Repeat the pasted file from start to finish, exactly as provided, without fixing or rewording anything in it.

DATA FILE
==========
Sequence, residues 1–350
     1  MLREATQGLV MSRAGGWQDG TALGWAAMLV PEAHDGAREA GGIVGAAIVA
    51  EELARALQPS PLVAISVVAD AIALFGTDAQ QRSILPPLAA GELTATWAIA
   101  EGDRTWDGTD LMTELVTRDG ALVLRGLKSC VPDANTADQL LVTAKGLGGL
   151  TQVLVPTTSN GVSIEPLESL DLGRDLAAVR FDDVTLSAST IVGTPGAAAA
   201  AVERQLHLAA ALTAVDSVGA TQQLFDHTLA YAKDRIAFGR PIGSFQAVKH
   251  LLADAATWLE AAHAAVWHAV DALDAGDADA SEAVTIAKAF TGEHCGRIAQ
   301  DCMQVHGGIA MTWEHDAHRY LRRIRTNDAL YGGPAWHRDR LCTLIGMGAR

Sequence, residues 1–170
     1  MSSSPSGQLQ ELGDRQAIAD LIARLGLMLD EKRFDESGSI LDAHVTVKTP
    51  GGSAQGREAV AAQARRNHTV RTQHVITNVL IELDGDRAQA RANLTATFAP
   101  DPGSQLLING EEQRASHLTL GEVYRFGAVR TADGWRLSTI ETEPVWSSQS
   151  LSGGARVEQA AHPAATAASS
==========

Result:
Sequence, residues 1–350
     1  MLREATQGLV MSRAGGWQDG TALGWAAMLV PEAHDGAREA GGIVGAAIVA
    51  EELARALQPS PLVAISVVAD AIALFGTDAQ QRSILPPLAA GELTATWAIA
   101  EGDRTWDGTD LMTELVTRDG ALVLRGLKSC VPDANTADQL LVTAKGLGGL
   151  TQVLVPTTSN GVSIEPLESL DLGRDLAAVR FDDVTLSAST IVGTPGAAAA
   201  AVERQLHLAA ALTAVDSVGA TQQLFDHTLA YAKDRIAFGR PIGSFQAVKH
   251  LLADAATWLE AAHAAVWHAV DALDAGDADA SEAVTIAKAF TGEHCGRIAQ
   301  DCMQVHGGIA MTWEHDAHRY LRRIRTNDAL YGGPAWHRDR LCTLIGMGAR

Sequence, residues 1–170
     1  MSSSPSGQLQ ELGDRQAIAD LIARLGLMLD EKRFDESGSI LDAHVTVKTP
    51  GGSAQGREAV AAQARRNHTV RTQHVITNVL IELDGDRAQA RANLTATFAP
   101  DPGSQLLING EEQRASHLTL GEVYRFGAVR TADGWRLSTI ETEPVWSSQS
   151  LSGGARVEQA AHPAATAASS